By Gabriel H.L.
Lately, I’ve been thinking about Ed Roberts, a disabled rights pioneer in the US. Ed was the first wheelchair-using student to graduate from UC Berkeley, acquiring his disability as a teenager after contracting polio. Ed passed away the year before I was born, we became disabled at around the same age, and I’ve been at university almost as long as he was during his first degree. I’ve been wondering what he and his group of radical disabled students, the Rolling Quads, would think about the state of disabled university students today. UNSW doesn’t exactly have an illustrious history when it comes to looking after its disabled students—constantly cutting DSU staff and restricting special considerations—but UNSW Management wants us to believe that the recent change to trimesters is beneficial for disabled students. Two terms in, it is absolutely clear that this is a complete PR fabrication.
We’ve been told that because we can choose not to study during one of the three terms, trimesters are more flexible. Previously, you could skip a semester, but now, if you were to take advantage of the supposed ‘flexibility’ of trimesters, and skip three months of study, you no longer qualify for Youth Allowance. Applying for the Disability Support Pension and/or NDIS is practically a full-time job, so in the meantime I rely on Youth Allowance to survive. If I had to take a term off for health reasons, I would either have to forgo Youth Allowance for a whole year, or fill out pages of paperwork whilst still recovering. Unfortunately, chronic illness doesn’t follow a university calendar.
As the transition to trimesters was rushed, the timetables leave much to be desired. I’ve looked at all of the Arts lectures offered in term two, and the majority of them have 9AM lectures. They were impossible to avoid, leaving me with two consecutive seven hour days each week. I experience chronic fatigue as a symptom of my illnesses, so attending a 9AM lecture involves at least two days of preparation. I also have regular medical appointments to conserve energy for. During term two, I had twenty-eight preplanned appointments, some of which were booked this time last year. I have had to make the decision between attending a class one day, or attending a vital neurologist appointment the next.
UNSW is transitioning to “flipped classrooms”, moving many courses partially or entirely online. Staff have been very clear that this is an attempt by the university to cut wages and cram more students into courses. A friend of mine with ADHD has said that he has difficulty concentrating on a recorded lecture. Even though he deliberately chose on-campus delivery, he still has several recorded lectures in his courses. Though my classes no longer have attendance requirements, I now have more content to memorise and the risk of failing weekly quizzes if I don’t. For a General Education course, in place of a two hour lecture and one hour tutorial, I had a one hour lecture… four hours of films… and a quiz to prove I’d watched it all! In an ideal world, more access to online content would be beneficial to disabled students, but not when it is unjustly forced on them, means a larger workload, and comes at the expense of our valued academic staff members.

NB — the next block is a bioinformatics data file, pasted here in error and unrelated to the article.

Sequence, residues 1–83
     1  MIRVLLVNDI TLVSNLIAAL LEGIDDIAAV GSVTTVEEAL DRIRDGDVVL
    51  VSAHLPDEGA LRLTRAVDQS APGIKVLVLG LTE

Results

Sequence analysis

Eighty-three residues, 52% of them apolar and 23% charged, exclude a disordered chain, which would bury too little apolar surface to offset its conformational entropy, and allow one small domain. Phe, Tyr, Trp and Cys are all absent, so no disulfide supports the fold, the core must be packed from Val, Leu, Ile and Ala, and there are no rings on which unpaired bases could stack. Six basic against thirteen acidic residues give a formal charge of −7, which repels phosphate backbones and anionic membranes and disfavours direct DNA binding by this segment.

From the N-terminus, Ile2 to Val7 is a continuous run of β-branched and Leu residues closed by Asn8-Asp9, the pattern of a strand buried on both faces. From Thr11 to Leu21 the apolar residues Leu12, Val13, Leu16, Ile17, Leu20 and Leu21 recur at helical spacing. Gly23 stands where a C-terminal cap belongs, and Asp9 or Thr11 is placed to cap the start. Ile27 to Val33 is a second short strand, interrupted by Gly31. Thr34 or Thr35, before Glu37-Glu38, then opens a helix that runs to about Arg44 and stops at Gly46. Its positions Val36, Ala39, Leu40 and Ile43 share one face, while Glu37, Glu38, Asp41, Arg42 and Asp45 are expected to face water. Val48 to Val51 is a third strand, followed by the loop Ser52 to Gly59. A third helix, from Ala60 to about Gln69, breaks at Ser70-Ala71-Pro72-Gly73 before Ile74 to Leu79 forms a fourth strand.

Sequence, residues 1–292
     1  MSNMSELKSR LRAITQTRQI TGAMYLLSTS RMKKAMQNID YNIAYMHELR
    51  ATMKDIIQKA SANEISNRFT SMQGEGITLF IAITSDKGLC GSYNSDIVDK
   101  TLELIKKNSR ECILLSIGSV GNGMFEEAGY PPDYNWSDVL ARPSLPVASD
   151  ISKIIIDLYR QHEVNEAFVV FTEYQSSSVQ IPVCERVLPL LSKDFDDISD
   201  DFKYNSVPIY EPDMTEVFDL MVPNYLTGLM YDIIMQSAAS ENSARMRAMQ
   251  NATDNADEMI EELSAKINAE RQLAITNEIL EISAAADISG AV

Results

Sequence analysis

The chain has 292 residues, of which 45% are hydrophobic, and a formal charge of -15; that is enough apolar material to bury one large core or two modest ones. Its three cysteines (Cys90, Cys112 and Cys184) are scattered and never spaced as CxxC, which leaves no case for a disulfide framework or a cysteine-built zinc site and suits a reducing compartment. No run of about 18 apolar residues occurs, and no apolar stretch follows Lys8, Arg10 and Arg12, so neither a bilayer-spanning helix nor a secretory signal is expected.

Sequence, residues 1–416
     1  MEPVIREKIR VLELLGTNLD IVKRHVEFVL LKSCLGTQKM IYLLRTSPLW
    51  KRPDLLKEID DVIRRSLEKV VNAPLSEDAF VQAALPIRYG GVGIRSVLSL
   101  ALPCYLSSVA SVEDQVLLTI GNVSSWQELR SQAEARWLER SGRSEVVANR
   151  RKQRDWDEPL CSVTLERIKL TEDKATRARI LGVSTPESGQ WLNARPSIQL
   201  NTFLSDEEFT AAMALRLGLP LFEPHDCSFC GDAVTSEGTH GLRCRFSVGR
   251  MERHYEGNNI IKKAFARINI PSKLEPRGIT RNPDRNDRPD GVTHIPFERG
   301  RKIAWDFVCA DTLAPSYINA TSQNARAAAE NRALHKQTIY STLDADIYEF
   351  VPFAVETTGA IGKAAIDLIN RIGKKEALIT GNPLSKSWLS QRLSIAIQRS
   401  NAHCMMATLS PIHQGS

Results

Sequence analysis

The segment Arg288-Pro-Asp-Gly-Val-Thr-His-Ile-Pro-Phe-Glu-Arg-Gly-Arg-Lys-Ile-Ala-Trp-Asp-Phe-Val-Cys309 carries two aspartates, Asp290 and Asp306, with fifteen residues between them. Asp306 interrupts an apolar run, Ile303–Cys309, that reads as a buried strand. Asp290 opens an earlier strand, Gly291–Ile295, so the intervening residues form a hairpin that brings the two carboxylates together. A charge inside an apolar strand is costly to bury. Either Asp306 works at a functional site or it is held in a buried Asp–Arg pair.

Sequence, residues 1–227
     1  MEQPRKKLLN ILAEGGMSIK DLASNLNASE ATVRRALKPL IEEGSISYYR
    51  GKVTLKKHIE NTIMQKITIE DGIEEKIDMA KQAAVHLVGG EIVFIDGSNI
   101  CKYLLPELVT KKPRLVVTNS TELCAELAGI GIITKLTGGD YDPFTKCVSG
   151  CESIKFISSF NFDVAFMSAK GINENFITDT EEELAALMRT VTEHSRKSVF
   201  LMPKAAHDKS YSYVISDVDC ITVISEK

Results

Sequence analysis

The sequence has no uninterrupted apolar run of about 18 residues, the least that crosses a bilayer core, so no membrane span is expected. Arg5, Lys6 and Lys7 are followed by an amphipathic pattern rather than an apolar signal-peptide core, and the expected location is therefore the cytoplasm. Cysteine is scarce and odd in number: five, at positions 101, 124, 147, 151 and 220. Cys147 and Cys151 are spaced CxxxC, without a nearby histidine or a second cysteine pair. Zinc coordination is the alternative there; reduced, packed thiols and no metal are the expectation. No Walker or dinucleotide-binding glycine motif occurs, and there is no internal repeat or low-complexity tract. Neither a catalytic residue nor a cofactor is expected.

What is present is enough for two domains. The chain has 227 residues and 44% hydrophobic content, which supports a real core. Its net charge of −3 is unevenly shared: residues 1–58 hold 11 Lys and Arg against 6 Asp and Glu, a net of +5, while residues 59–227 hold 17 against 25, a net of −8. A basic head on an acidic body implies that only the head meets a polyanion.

And, of course, no discussion of trimesters is complete without mentioning the cherry on the shit sundae: the Fit to Sit policy. This policy means that by sitting or submitting an exam or assessment, you are declaring that you are fit to do so, and forego your ability to request special consideration at a later date. I live with schizoaffective disorder, of which hallucinations and delusions are a large part. I have penned an entirely nonsensical exam paper during a psychotic episode. I have submitted entire essays where, due to OCD, I removed every use of the letter “a”. If either of these instances had occurred under Fit to Sit, I would have to be marked on my paranoid scribblings or my illegible essay. Extenuating circumstances don’t just disappear once you enter the exam room!
I don’t want to just put up with trimesters, though. I’m buoyed by the protest of 800 staff and students, the biggest protest at UNSW in two decades. It’s clear that staff and students are fed up with trimesters ruining their University, and disabled students are definitely part of that group.
Structural ableism is a massive obstacle, but not an insurmountable one. When his lecture theatres and campus roads lacked ramps and curb cuts, Ed Roberts’s classmates got sledgehammers and cement and made their own paths. I’m hoping to see some of that energy in the fight against trimesters. I’ve got my sledgehammer ready, so don’t forget the cement.
Gabriel is a nonbinary Wiradjuri person living on Bidjigal land. They live with hypermobility EDS, MS, and schizoaffective disorder. They are a semi-professional cripple, an alleged writer, and a sempiternal student. Gabriel’s interests include socialism, collecting unique woodwinds, drunkenly testing strangers’ joint Beighton Scores, and the West Virginia Mothman.